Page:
Today at the Judicial Studies Institute (JSI) in San Juan, Puerto Rico, U.S. Supreme Court Justice Sonia Sotomayor addressed virtually 24 judges from Colombia, Dominican Republic, El Salvador, Mexico, and Panama as part of a Department of Justice (DOJ) training program for Western Hemisphere judiciaries. Justice Sotomayor stressed the importance of their contributions to the rule of law in the Western Hemisphere and lauded them for their roles in transforming Latin American justice.
With the support of Justice Sotomayor, and in partnership with the Department of State’s Bureau of International Narcotics and Law Enforcement Affairs, the Justice Department’s Office of Prosecutorial Development, Assistance, and Training (OPDAT) launched JSI in 2012 as a response to the wave of justice sector reforms in Latin America, during which many countries transitioned from inquisitorial to adversarial systems of justice. Through Spanish instruction, practical exercises, and observations of courtroom proceedings, participating judges learned about evidentiary guidelines, the role of judges, courtroom management in an adversarial justice system, human smuggling, and judging without gender, among other important topics.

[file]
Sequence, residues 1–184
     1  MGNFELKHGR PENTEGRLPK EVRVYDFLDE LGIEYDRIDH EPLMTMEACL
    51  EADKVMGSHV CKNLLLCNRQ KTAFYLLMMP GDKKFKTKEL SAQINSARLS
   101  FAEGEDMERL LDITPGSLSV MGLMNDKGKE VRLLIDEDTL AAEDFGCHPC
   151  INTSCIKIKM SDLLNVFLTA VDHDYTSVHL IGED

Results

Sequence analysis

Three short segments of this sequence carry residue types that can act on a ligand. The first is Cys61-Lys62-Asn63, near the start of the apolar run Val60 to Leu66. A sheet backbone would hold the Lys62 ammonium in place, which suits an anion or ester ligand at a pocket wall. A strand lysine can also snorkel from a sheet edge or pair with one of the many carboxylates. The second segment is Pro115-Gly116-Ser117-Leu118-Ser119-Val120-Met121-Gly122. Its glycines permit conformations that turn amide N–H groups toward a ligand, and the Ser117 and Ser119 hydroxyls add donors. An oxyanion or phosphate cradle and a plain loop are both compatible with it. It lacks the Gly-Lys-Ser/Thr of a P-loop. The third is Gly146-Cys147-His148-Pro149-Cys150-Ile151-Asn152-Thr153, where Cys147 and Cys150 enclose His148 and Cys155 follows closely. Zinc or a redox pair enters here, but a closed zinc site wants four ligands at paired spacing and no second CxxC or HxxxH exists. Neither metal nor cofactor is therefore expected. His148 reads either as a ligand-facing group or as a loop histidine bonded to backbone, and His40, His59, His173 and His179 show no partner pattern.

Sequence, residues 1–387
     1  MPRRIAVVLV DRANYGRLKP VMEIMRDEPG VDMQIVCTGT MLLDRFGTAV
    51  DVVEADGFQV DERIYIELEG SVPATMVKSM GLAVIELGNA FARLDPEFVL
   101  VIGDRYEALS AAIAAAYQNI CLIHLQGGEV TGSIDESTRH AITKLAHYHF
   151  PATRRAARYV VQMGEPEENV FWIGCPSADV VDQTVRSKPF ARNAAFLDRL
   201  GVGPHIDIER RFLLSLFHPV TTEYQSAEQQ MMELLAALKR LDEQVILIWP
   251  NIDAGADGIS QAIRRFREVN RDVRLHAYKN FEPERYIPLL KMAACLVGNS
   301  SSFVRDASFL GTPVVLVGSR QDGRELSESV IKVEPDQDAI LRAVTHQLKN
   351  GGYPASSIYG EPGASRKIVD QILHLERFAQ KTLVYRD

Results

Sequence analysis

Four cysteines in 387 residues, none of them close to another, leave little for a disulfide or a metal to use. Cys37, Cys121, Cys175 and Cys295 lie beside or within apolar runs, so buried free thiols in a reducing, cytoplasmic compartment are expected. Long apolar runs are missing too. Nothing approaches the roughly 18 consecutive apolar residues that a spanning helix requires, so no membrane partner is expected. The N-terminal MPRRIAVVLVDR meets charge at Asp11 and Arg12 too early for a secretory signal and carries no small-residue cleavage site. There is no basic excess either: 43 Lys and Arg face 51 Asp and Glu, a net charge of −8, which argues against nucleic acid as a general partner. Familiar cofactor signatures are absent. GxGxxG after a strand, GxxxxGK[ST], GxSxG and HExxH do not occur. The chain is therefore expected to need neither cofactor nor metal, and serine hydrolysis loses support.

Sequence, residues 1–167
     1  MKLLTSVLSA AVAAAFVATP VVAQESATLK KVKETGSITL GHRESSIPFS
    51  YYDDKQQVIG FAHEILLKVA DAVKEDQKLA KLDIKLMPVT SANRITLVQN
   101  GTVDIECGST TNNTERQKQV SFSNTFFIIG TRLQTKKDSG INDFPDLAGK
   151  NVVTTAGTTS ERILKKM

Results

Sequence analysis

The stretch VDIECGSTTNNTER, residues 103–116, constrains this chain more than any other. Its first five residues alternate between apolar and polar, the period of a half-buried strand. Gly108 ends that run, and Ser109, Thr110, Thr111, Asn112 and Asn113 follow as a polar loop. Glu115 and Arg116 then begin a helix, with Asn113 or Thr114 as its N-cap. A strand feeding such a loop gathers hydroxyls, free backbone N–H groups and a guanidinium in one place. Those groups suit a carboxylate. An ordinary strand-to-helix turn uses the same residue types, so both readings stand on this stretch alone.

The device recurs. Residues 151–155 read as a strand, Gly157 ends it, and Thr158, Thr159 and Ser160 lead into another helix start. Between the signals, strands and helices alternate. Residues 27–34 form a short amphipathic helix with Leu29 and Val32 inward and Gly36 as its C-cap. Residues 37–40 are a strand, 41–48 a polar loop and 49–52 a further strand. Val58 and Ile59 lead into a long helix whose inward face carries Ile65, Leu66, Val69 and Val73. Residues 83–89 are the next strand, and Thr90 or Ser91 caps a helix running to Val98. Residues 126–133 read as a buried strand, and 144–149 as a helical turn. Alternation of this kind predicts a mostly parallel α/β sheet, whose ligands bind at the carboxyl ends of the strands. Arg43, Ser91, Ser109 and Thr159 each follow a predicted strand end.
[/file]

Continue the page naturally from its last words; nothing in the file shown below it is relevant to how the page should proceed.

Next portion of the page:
This capacity building is critical to the region, as there are significant differences between the two systems. For example, in an inquisitorial system, judges investigate charges and determine guilt through written deliberations behind closed doors. In an adversarial system, the judge acts as an impartial referee responsible for weighing evidence and guaranteeing the rights of both the victim and the accused in an open courtroom setting. JSI offers judicial counterparts the opportunity to learn practical skills, encouraging JSI alumni to become agents of change within their judiciaries. Many DOJ-trained JSI alumni been able to go on to serve as force multipliers in the region, imparting their training within their own judiciary and for future OPDAT programs.
Since establishing JSI in 2012, OPDAT and its partners at the University of Puerto Rico and Inter-American University law schools, the Puerto Rico State Judiciary, and the U.S. Federal Judiciary have trained over 1,000 Latin American judges. This year marks the 10-year anniversary of this important and sustainable project.
Please visit https://www.justice.gov/criminal-opdat for more information about OPDAT’s capacity-building efforts around the world.